Lieutenant, United States Navy
Clancy, born on September 29, 1863, he was awarded the while serving in the China Relief Expedition which quelled
the Boxer Rebellion in that country on June 13-20 and 21-22, 1901.
Lieutenant Clancy died on February 2, 1929 and was buried in Section 7 of Arlington National Cemetery.
Rank and organization: Chief Boatswain's Mate, U.S. Navy. Born: 29 September 1863, New York, N.Y. G.O. No.: 55, 19 July 1901.
In action with the relief expedition of the
Allied forces in China, 13, 20, 21 and 22 June 1900. During this period
and in the presence of the enemy, Clancy distinguished himself by his conduct.
WASHINGTON, February 7, 1929 – Lieutenant Joseph Clancy, retired, a medal of honor man in the Navy, who was born in New York in September 1863, was buried today with full military honors in Arlington National Cemetery. Captain C. H. Dickins, Chief of Navy Chaplains, officiated.
Lieutenant Clancy died on Saturday and the funeral was delayed while unsuccessful efforts were made to locate relatives. For years he had reported “no next of kin” in the Navy records, then named a daughter, Mrs. Mollie Bailey of 126 East 127th Street, New York, as his beneficiary. But in 1917 he reported that he had no beneficiary.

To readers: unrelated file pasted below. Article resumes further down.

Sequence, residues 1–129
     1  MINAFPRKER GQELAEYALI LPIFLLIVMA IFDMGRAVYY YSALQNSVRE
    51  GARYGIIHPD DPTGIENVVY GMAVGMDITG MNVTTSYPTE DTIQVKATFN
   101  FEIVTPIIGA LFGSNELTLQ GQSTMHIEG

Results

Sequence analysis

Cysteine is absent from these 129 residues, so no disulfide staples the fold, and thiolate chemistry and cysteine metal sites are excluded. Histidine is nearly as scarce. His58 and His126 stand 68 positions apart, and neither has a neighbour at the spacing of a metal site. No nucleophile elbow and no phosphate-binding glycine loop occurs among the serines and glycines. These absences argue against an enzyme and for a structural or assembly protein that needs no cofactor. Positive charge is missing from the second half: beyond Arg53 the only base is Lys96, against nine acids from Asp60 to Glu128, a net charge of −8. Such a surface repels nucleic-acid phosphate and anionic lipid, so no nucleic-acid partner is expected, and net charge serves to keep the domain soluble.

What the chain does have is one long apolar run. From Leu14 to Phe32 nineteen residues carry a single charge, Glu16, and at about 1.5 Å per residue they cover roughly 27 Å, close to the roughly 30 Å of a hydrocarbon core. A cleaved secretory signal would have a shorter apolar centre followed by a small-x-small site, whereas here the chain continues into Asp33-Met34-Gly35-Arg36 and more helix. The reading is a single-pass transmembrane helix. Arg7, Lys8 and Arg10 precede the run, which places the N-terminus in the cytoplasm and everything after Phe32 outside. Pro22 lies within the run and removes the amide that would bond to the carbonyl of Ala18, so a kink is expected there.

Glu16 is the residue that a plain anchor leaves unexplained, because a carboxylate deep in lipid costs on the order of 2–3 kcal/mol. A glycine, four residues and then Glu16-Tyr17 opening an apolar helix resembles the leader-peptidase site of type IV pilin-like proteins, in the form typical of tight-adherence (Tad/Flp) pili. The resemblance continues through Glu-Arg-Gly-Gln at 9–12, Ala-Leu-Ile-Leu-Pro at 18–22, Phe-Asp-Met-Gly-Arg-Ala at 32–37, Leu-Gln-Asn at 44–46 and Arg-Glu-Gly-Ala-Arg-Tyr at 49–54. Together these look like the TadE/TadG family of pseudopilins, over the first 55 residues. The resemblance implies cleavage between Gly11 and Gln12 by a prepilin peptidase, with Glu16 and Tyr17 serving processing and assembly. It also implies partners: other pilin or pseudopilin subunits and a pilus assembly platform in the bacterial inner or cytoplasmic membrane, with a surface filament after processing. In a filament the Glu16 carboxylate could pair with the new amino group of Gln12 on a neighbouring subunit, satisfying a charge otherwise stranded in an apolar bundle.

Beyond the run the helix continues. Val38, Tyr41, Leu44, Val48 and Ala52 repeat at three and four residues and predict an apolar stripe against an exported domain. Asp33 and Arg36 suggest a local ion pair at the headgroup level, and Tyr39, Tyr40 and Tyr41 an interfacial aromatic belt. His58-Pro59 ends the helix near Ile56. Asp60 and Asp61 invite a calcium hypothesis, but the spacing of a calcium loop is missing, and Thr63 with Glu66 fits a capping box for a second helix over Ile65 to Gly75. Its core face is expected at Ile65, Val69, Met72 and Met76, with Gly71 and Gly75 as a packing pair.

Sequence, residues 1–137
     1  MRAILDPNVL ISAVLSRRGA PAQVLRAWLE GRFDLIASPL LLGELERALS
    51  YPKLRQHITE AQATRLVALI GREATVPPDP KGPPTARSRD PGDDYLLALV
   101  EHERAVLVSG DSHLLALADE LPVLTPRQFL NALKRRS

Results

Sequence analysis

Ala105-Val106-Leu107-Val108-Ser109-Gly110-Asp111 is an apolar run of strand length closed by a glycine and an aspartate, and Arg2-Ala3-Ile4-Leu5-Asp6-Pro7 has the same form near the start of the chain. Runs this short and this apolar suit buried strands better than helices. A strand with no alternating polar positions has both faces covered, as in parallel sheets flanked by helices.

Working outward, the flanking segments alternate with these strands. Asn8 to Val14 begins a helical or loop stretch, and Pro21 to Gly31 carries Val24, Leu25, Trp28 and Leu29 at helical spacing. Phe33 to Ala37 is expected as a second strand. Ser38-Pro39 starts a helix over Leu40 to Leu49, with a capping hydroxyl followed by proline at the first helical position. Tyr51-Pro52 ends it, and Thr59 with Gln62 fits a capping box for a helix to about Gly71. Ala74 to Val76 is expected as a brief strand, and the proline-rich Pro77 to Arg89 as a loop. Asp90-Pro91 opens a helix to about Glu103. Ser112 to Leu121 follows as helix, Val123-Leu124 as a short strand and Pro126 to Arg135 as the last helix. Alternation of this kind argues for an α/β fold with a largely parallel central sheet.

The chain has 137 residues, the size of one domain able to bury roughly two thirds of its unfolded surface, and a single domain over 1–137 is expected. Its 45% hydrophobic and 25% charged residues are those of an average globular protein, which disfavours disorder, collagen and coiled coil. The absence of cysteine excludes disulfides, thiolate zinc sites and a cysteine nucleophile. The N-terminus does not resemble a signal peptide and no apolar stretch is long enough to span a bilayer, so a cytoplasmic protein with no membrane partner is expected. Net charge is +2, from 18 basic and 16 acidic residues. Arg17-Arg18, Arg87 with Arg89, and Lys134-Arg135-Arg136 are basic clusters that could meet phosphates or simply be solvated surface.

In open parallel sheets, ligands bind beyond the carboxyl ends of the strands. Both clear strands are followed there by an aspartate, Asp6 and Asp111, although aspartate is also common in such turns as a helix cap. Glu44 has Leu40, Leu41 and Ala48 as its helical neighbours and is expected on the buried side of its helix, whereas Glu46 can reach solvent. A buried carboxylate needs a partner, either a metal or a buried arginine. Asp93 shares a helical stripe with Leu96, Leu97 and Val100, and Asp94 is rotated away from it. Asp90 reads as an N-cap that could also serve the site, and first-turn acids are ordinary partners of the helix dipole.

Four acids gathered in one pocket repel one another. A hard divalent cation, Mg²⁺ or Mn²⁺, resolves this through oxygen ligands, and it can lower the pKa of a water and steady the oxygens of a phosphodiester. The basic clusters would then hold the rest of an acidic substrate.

He enlisted on June 27, 1899, and was retired on August 30, 1920. He had been the Acting Schoolmaster of the frigate Constellation, which was used as a training ship. Attached to the landing force of the USS Newark, Clancy was a member of the expedition under Vice Admiral E. H. Seymour of the British Navy which marched from Tientsin to the relief of the legations at Peking during the Boxer Rebellion in 1900. For this service he received the Congressional Medal of Honor.
Photo courtesy of Raymond L. Collins, 1990
Updated: 24 September 2000 Updated: 15 April 2002 Updated: 15 March 2003 Updated: 3 October 2004 Updated: 2 January 2008